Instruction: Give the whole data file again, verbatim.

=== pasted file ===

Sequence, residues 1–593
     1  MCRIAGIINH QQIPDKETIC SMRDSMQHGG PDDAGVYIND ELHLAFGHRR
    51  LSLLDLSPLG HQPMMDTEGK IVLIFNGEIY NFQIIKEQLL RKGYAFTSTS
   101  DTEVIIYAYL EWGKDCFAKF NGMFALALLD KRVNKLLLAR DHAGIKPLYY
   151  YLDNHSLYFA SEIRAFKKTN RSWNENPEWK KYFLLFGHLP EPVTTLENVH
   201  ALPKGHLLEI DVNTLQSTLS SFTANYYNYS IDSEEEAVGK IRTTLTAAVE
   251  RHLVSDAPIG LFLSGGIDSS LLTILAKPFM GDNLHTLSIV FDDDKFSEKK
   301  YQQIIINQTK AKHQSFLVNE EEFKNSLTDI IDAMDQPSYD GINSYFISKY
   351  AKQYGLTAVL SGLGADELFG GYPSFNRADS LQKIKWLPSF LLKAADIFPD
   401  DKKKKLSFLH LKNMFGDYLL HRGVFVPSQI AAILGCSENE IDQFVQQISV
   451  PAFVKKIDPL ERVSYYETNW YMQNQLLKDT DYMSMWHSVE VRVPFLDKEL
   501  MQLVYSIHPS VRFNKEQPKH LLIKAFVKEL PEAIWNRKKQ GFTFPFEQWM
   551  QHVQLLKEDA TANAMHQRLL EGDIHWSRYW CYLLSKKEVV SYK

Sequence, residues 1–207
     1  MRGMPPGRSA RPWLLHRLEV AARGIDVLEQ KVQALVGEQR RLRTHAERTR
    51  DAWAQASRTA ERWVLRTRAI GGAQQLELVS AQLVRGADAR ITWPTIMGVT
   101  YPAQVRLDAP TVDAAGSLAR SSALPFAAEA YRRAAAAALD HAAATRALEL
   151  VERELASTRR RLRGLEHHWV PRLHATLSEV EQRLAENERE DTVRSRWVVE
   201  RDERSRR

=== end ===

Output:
Sequence, residues 1–593
     1  MCRIAGIINH QQIPDKETIC SMRDSMQHGG PDDAGVYIND ELHLAFGHRR
    51  LSLLDLSPLG HQPMMDTEGK IVLIFNGEIY NFQIIKEQLL RKGYAFTSTS
   101  DTEVIIYAYL EWGKDCFAKF NGMFALALLD KRVNKLLLAR DHAGIKPLYY
   151  YLDNHSLYFA SEIRAFKKTN RSWNENPEWK KYFLLFGHLP EPVTTLENVH
   201  ALPKGHLLEI DVNTLQSTLS SFTANYYNYS IDSEEEAVGK IRTTLTAAVE
   251  RHLVSDAPIG LFLSGGIDSS LLTILAKPFM GDNLHTLSIV FDDDKFSEKK
   301  YQQIIINQTK AKHQSFLVNE EEFKNSLTDI IDAMDQPSYD GINSYFISKY
   351  AKQYGLTAVL SGLGADELFG GYPSFNRADS LQKIKWLPSF LLKAADIFPD
   401  DKKKKLSFLH LKNMFGDYLL HRGVFVPSQI AAILGCSENE IDQFVQQISV
   451  PAFVKKIDPL ERVSYYETNW YMQNQLLKDT DYMSMWHSVE VRVPFLDKEL
   501  MQLVYSIHPS VRFNKEQPKH LLIKAFVKEL PEAIWNRKKQ GFTFPFEQWM
   551  QHVQLLKEDA TANAMHQRLL EGDIHWSRYW CYLLSKKEVV SYK

Sequence, residues 1–207
     1  MRGMPPGRSA RPWLLHRLEV AARGIDVLEQ KVQALVGEQR RLRTHAERTR
    51  DAWAQASRTA ERWVLRTRAI GGAQQLELVS AQLVRGADAR ITWPTIMGVT
   101  YPAQVRLDAP TVDAAGSLAR SSALPFAAEA YRRAAAAALD HAAATRALEL
   151  VERELASTRR RLRGLEHHWV PRLHATLSEV EQRLAENERE DTVRSRWVVE
   201  RDERSRR